The Non-Proliferation Treaty (NPT) was opened for signatures in 1968 and entered into force in 1970.[i] Despite its name, the NPT sought not only to prevent nuclear weapons proliferation, but also, in Article VI, called for good faith negotiations for an end to the nuclear arms race at an early date, for nuclear disarmament, and for general and complete disarmament. The treaty also had provisions for review conferences to be held at five-year intervals and for an extension conference to be held 25 years after the treaty entered into force. The purpose of the extension conference was for the parties to the treaty to decide by a majority vote whether the treaty should be extended indefinitely, for a period or periods of time, or not at all.
The decision on extending the NPT was an important one. As the 1995 NPT Review and Extension Conference approached in the spring of 1995, there was considerable discussion and lobbying with regard to the best course of action for the future of the treaty. The nuclear-armed states parties to the treaty (US, Russia, UK, France and China) wanted an indefinite extension of the treaty, which would preserve their favored (but still highly dangerous) position under the treaty as nuclear weapons states to possess nuclear arms while prohibiting other states from doing so. Some civil society groups, particularly those that favored arms control measures over disarmament, supported the position of the nuclear weapons states for indefinite extension of the treaty.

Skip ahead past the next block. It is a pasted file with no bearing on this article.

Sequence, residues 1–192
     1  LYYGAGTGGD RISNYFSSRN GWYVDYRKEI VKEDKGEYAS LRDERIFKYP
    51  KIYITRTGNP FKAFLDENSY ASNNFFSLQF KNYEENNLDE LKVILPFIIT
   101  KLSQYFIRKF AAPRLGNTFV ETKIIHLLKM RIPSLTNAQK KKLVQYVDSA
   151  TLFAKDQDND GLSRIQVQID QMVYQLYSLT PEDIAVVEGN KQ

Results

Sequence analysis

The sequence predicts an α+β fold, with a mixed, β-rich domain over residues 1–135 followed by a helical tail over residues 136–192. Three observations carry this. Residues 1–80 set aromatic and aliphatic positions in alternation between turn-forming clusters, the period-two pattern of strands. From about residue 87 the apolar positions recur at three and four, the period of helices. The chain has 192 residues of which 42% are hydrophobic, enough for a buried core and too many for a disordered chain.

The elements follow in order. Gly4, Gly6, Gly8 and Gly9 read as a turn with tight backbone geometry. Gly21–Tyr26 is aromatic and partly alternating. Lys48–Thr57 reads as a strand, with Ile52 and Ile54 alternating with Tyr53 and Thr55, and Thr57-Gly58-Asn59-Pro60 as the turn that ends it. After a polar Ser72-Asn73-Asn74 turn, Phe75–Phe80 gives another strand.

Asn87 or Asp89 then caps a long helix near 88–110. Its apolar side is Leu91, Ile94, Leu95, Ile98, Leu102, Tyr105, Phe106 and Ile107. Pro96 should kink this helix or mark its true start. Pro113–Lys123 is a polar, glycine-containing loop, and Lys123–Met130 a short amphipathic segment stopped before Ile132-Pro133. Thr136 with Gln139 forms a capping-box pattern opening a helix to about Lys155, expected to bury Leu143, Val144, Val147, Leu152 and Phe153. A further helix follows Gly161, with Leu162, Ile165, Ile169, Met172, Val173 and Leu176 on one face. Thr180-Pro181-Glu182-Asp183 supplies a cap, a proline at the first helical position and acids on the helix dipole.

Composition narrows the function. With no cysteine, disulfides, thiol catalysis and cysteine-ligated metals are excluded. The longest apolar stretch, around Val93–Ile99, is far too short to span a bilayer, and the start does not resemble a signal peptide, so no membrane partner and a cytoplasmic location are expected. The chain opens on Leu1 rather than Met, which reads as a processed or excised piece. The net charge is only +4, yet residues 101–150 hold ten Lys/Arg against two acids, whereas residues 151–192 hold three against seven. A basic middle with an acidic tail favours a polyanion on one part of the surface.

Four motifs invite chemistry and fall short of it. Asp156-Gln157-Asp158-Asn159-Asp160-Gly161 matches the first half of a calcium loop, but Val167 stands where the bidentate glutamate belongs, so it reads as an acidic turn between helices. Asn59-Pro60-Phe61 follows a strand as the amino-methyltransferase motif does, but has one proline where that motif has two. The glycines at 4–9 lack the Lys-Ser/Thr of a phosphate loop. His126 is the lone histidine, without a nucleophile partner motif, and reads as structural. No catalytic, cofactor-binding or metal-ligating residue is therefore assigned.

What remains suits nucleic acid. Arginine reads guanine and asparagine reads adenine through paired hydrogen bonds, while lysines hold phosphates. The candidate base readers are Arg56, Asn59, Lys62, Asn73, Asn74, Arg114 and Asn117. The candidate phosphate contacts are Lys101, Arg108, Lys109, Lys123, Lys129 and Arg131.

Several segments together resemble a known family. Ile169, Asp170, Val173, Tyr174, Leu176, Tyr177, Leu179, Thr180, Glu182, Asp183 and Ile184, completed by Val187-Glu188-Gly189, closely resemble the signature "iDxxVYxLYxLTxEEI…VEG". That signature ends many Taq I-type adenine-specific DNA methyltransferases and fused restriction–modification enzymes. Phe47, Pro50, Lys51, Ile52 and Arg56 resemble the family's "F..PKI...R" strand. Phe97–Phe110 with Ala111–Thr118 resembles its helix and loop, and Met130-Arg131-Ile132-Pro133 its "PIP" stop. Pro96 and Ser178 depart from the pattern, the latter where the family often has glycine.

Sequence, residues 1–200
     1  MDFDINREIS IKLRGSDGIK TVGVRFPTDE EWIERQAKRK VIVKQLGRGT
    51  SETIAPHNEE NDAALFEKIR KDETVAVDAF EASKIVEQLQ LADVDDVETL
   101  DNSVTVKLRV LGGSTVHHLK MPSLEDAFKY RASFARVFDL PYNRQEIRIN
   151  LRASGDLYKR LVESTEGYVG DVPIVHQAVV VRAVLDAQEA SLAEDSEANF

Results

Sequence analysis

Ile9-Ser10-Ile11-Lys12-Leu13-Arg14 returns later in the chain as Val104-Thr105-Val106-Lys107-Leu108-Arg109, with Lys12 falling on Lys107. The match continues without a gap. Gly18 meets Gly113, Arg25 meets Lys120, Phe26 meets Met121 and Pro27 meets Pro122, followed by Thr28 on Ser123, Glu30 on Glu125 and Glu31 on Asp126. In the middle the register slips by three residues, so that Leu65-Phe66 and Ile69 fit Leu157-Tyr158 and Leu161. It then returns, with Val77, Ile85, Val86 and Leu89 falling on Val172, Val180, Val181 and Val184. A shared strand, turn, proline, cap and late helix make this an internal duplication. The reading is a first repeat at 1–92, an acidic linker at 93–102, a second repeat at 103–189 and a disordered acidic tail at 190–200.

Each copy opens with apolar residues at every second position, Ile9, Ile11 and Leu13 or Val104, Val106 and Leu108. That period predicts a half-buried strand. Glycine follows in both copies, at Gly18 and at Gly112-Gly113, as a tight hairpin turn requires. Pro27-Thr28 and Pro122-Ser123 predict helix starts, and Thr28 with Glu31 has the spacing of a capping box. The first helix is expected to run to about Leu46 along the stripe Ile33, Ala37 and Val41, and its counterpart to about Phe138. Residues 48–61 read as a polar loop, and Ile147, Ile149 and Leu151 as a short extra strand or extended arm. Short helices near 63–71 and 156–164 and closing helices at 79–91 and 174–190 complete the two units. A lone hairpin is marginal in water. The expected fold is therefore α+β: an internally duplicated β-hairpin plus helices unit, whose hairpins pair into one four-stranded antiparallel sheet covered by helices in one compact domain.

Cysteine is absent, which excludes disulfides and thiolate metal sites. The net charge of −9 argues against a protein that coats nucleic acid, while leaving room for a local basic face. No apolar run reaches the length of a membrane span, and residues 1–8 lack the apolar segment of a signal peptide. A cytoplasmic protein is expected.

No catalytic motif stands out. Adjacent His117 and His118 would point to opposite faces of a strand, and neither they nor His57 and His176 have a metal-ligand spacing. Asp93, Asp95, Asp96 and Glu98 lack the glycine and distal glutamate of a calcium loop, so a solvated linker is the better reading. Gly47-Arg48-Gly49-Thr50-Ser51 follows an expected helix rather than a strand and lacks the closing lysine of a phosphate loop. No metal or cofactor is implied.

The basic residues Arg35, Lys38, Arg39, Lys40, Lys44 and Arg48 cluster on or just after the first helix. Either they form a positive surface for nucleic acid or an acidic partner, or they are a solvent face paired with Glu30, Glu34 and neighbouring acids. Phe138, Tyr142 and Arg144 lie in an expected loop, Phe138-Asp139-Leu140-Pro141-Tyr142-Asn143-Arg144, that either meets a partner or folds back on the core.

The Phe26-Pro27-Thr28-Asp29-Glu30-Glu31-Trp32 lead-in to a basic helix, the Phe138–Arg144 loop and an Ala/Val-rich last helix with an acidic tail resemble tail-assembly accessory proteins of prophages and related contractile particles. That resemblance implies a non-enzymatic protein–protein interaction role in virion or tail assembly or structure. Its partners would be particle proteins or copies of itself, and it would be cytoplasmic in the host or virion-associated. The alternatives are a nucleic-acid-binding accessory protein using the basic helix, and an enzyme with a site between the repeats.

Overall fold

On the other hand, the Nuclear Age Peace Foundation, as well as dozens of other civil society groups working on nuclear disarmament, took note of the general lack of effort and progress by the nuclear-armed parties to the treaty in fulfilling their Article VI nuclear disarmament obligations for good faith negotiations for ending the nuclear arms race and for nuclear disarmament. Given this, these organizations favored some version of an extension for periods of time, and for the periodic extensions to be contingent upon clear progress toward nuclear disarmament made by the nuclear-armed parties to the treaty. We saw this as a unique opportunity to put pressure on the nuclear weapons states to fulfill their nuclear disarmament obligations under the treaty, rather than continuing indefinitely to ignore those obligations, as they had done for the first 25 years of the treaty’s existence.
I represented the Nuclear Age Peace Foundation at the 1995 NPT Review and Extension Conference, which was held at the United Nations Headquarters in New York. Along with other NGO representatives, we lobbied the non-nuclear weapons countries not to go along with the indefinite extension of the treaty being argued for by the nuclear weapons states and their allies. I remember that Canada took a leadership role in promoting an indefinite extension of the treaty, seemingly as a relatively benign cover for the position of the nuclear weapons states, particularly the United States.